Big Rocks To Break Gridlock

Couple weeks ago a friend and I were talking on the phone when the subject of national politics came up.

“I’m just so frustrated with the entire thing up there (Washington DC),” he said. “They can’t seem to get anything done.”

I should probably add my friend and I have probably cancelled out each others presidential vote since we were of legal voting age. That said we both know each other as much as any childhood friend could. We’ve laughed, fought and navigated high school together. There is very little we don’t know about each other or would be able to closely predict.

“I agree,” I said. “They can’t even seem to agree on what to disagree on.”

This statement is a somewhat milestone for each of us to make – that is both agreeing on a political situation.

All of this, however, got me thinking. If two lifelong friends with much different leanings in terms of political policies are frustrated, isn’t it time to apply an old fashioned theory of determining common ground and moving from there?

There is an old exercise of using an empty jar and pile of stones of different sizes to figure to help you understand what is most important in life. Big rocks (family, health, love) go in first. Medium rocks (a house, a job, opportunities to grow) would go in next. Small rocks (possessions, items of wants you can live without) would go in next. What is surprising about this exercise is how in agreement most people are with their big rocks. The others can vary widely, but the big rocks tend to tie a very visible connecting line between humanity.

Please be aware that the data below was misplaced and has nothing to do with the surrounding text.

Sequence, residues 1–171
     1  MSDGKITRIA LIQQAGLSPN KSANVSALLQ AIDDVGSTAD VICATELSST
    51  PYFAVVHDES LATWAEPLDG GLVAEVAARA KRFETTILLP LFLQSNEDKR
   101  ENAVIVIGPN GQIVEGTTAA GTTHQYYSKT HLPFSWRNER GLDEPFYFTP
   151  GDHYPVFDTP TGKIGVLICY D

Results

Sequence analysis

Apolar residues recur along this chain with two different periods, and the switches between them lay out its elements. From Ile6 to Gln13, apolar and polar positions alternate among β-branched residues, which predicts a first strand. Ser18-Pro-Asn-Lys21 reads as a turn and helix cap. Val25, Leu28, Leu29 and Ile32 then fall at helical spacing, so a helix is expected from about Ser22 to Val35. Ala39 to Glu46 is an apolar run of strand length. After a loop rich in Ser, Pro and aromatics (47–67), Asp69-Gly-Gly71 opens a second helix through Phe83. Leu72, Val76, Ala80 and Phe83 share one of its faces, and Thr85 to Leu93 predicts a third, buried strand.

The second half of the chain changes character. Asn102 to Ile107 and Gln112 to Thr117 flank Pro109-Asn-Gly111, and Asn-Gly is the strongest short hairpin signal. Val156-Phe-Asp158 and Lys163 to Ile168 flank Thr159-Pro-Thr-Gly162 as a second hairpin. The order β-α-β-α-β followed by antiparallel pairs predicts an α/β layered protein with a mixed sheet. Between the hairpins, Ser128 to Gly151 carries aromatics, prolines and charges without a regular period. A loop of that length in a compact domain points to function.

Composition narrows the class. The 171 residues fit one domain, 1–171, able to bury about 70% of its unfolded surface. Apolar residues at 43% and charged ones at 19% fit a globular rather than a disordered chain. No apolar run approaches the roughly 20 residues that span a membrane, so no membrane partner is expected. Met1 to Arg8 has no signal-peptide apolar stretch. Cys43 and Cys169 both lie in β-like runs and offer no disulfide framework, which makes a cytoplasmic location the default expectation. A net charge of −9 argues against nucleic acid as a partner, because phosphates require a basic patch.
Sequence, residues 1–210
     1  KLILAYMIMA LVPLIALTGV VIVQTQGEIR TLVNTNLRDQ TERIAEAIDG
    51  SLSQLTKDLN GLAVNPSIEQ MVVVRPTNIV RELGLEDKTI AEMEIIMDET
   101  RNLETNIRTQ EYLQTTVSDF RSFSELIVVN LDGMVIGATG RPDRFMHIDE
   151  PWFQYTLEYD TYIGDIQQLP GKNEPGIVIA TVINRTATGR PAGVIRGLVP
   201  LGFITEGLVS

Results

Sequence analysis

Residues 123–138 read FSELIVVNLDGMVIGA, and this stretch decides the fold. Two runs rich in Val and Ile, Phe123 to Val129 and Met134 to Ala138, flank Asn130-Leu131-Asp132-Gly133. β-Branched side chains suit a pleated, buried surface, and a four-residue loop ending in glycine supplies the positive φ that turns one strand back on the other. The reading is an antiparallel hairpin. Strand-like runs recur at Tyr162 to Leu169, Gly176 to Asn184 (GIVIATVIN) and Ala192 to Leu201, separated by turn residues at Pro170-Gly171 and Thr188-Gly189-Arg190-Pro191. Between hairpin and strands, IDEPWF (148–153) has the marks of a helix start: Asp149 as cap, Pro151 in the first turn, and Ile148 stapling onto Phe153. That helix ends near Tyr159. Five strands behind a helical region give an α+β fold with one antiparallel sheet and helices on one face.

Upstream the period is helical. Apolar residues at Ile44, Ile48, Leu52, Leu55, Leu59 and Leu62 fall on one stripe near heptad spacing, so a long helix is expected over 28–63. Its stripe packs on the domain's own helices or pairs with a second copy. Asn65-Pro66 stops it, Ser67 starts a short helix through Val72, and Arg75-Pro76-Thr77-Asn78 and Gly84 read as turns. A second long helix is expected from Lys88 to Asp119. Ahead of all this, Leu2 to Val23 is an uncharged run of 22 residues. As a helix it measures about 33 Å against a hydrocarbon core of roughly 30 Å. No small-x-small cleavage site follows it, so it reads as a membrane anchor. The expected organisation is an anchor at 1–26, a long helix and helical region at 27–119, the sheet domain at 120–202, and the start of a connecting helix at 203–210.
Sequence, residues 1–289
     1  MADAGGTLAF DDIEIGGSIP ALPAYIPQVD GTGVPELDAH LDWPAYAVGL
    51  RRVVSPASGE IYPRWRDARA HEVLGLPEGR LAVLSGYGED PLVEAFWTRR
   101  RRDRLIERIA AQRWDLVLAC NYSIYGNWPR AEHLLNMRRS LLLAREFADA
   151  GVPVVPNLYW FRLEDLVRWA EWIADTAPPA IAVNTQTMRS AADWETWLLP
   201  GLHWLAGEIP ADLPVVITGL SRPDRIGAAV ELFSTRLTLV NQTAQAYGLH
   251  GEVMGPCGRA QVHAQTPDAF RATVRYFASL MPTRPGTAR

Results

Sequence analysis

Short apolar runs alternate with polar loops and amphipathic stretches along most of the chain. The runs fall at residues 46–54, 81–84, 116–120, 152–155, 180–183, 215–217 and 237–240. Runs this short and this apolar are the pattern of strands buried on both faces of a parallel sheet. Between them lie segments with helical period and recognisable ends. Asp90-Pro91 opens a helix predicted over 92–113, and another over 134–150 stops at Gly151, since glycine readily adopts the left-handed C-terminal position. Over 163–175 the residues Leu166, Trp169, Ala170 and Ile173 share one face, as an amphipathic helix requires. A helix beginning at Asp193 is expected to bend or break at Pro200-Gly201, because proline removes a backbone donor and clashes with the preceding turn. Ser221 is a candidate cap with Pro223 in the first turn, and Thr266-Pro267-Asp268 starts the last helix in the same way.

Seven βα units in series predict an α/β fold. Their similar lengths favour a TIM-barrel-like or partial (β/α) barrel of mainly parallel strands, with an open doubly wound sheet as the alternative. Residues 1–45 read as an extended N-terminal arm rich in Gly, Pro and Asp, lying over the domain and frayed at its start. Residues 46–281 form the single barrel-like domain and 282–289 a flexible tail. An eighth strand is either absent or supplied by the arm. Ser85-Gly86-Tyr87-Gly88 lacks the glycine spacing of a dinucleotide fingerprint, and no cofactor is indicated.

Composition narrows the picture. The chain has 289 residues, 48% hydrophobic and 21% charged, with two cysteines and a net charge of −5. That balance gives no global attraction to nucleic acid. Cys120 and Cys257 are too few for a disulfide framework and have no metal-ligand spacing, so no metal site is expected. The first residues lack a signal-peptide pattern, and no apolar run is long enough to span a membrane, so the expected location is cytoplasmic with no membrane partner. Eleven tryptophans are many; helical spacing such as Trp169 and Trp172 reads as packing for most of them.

Below is my list of five common agreements I believe my friend and I would most likely agree upon – the so-called ‘big rock’ issues.

1.         No child should ever go to bed hungry in this nation. The United States is traditionally the wealthiest nation on the planet. We should make a collective effort to ensure the elimination of hopeless poverty is always a focus.

2.         No child or person should have to go without basic health care options. Again, we need to stop fighting and get to work on this moral issue. We’ve plenty of national wealth. Let’s make sure we take care of those on the very bottom of the economic ladder. If we are the self-appointed moral leader of the Free World, we should start at home and lead by example.

3.         We should not be spending more money than we take in as a normal way of operation. Sure, historically, we’ve seen periods when we’ve needed to break from this model due to significant circumstances (war, severe economic downturns, etc.), but to run our nation in deficit mode without deep thought and an exit plan is dangerous.

4.         Taxes should be fair. Too many people ‘work’ the system and it is truly broken. I don’t think anyone will complain if asked to chip in their ‘fair share’ so long as they know the playing field is balanced and will provide for a better nation.

5.         There will always be people with more and people with less. What is important is we give people the opportunity to apply themselves and move across the economic spectrum with agility and freedom to succeed.

Okay, there it is. Five simple starting points I know my friend and I can agree upon. I realize now comes the hard part – getting there. But if we as a nation honestly recognize what is at stake – our future as a nation – I have faith we can get these big rocks in the jar.

– 30 –


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